It hit about the midway point of the third quarter of Milwaukee Bucks Chicago Bulls Game One when that oh so familiar playoff pit wedgied itself into my stomach. Ah, the queasy comforts of Milwaukee Playoff basketball. In the middle of Sunday night, I pictured myself writing a very different column centered around, “Game One Bucks? Or 2021-22 Bucks?” That question is still intriguing, although I’d say the evidence points more to the former than the latter given that problem #1 on Sunday wasn’t this year’s lackluster defensive effort. But as dawn came, I started thinking back to the ups, downs and all-arounds of the title run. Was it torturous? Sure. But the satisfaction, the sweet, sweet satisfaction that came from that rollercoaster ride. Maybe I should just embrace the range of emotions rather than rage against it...
All year long, this Milwaukee Bucks team has been a lot of people’s pick to come out of the East. Despite many a “meh” regular season performance, that belief held true and it seemed most NBA talking heads still defaulted to Milwaukee heading to the Finals. We’re homers, but our predictions mirrored that too.
The thing about this Bucks team (that we all know) that gets lost in the afterglow of the Larry O’Brien’s Louis Vitton case, Giannis’s 50-piece shenanigans and a nondescript regular season that featured no drama and little chum for the national chatterboxes...this team is plenty flawed!
Their superstar has minute warts that are overblown by most. Still, he has free throw playoff woes (3-8 on Sunday...) and occasionally defaults to “pummel through opponent” as his offensive setting.
Coach Bud ain’t beyond reproach. Going offense-defense with Giannis is one of those all-time “huh?” moments. Plus for a coach of his caliber, his Game One performances remain an utter mystery.
Bucks-Bulls: like a repeat of Bucks-Heat Game 1 from last year. We saw how that series turned out.— Mike Prada. (PRAY-duh) (@MikePradaNBA) April 18, 2022
Bud improves to 8-9 in Game 1s in his career, and is a Khris Middleton game winner and a couple Bulls missed gimmies from a 7-game Game 1 losing streak.
And how about the three-point shooting, I think we all remember well the deluge of sub-30% performances we all enjoyed in last year’s Playoffs. “The mean reversion’s coming! The mean reversion’s coming,” we all cried out. Alas, the mean reversion didn’t really come, and the Bucks still won the title with one of the worst postseason offenses in modern history. The 10-38, 26.3% performance from deep on Sunday would’ve fit right in with last year’s team.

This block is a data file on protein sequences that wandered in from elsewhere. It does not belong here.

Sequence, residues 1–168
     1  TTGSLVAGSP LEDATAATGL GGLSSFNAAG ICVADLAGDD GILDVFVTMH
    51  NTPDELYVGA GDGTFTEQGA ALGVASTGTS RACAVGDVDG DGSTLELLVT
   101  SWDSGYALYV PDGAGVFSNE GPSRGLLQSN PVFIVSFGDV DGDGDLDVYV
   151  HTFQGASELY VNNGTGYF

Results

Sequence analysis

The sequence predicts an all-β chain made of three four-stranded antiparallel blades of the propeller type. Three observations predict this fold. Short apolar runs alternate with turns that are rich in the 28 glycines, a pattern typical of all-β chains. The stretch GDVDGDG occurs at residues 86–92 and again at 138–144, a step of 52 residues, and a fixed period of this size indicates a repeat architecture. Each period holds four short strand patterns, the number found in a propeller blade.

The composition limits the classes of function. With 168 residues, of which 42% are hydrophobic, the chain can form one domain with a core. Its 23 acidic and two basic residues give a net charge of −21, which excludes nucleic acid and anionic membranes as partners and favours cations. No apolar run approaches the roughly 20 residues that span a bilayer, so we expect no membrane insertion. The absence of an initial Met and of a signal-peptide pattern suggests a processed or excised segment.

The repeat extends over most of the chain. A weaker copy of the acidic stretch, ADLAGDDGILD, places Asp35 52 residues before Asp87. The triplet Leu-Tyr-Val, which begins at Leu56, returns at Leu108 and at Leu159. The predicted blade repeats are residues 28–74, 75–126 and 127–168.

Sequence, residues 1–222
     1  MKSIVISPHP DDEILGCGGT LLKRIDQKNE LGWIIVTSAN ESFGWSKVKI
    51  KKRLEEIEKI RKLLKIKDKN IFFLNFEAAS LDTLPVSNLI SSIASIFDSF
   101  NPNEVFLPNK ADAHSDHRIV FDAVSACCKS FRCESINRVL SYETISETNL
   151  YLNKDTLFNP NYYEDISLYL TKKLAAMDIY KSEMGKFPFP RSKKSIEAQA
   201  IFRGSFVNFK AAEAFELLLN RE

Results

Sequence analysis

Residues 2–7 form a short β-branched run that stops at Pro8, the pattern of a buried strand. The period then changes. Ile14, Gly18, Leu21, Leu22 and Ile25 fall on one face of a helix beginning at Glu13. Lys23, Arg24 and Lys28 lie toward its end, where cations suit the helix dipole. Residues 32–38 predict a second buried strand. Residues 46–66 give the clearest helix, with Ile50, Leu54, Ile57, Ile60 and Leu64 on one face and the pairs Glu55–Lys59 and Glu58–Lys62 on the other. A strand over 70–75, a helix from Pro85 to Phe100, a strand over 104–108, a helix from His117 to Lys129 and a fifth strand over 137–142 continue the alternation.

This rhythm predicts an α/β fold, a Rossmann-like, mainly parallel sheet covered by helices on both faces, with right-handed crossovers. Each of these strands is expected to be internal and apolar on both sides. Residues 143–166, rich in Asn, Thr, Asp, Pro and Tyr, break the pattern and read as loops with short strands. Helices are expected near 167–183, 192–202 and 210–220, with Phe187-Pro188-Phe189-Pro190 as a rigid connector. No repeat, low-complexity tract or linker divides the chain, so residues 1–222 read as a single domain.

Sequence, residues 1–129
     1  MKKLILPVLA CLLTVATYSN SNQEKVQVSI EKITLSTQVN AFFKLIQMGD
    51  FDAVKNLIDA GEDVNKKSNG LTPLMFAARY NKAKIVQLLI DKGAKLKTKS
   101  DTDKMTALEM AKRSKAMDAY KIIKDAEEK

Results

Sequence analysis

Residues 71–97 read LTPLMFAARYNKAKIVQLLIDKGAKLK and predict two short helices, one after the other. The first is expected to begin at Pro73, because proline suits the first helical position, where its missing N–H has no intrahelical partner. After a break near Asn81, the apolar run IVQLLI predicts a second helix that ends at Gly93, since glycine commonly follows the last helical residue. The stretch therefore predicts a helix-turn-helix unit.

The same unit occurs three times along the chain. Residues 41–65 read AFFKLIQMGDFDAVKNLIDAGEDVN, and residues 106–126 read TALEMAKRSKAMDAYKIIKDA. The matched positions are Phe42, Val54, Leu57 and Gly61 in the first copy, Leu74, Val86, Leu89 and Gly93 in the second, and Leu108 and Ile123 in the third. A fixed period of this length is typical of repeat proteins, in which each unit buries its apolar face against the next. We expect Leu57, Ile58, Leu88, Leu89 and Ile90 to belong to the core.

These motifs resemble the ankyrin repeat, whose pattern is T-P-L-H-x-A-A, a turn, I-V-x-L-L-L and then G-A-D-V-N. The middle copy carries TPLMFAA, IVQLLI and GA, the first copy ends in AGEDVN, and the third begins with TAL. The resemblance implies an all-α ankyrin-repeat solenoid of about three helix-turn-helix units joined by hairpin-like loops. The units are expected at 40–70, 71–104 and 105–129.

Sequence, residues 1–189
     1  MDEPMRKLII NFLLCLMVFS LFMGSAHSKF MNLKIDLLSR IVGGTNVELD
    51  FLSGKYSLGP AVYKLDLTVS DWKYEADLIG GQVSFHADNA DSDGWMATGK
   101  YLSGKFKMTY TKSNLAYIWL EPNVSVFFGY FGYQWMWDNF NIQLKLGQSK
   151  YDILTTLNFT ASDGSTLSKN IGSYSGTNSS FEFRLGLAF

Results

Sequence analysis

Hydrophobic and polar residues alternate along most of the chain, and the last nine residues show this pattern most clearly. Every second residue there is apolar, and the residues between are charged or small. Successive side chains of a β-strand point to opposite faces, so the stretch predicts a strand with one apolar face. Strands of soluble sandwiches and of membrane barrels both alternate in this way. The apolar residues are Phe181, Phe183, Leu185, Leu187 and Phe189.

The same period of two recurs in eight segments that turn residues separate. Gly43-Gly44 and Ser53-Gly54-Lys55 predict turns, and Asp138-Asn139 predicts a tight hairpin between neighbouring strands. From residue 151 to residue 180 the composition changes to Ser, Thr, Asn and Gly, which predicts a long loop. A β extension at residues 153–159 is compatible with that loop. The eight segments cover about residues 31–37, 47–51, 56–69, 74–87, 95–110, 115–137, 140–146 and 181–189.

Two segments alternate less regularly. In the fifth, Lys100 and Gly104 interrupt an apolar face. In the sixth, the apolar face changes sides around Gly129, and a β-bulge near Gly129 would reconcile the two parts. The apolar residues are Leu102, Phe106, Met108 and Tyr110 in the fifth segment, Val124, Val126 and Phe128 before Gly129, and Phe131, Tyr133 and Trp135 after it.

Even the other members of the “Big Three” gave us a blast from the past with clanks aplenty through three quarters of the Bulls game. Khris Middleton ended 4-13 for 11 points and seven turnovers (only two free throw attempts). He disappeared in the way Middleton can for one to two games a series. Jrue Holiday was 6-16 for 15 points, conjuring up memories of last season’s postseason shooting rut.
And then the fourth quarter came, and the Bucks, as they’ve been wont to do all year, and we’ve been wont to expect, just, won. Brook Lopez bullied his way on cuts and rolls to clutch and-ones. Jrue finally started making a few shots. Giannis didn’t even score in the fourth and Milwaukee clamped down defensively for a 1-0 series lead even through a Bud brain fart.
Game One was an ideal microcosm of what we’ve come to expect from the Milwaukee Bucks experience. Spots of brilliance, mind-numbing moments of ineptitude, infuriating turnovers, wasted possessions, all interspersed and punctuated by a vise-grip defense and timely offensive buckets.
It was a helpful reminder. This isn’t a superteam. This isn’t a team of lottery picks. This isn’t a team peppered with year-in, year-out All-Star locks. This isn’t a team chock full of All-NBA selections. This isn’t a team with multiple top-ten players. This isn’t a team led by a consensus top-three coach.
This is a team led by the world’s best player, surrounded by complementary talent that fits extraordinary well, carrying a chemistry hardened by defeat and bolstered by a championship run. This is a team with warts, and that’s what makes them so lovable through all the maddening gaffes. If it’s a narrative we want to remember, where’s the fun in steamrolling opponents in just 16-20 postseason games? Sure, I’d take those W’s, but would you remember it as fondly as the multiple series recoveries from down 0-2 and the countless down-but-not-out moments of the 2021 title?
Probably not. And that’s why I’ve chosen to ignore that pit in my stomach this postseason and simply embrace the chaos of this team. After all, they never seem rattled, why should I?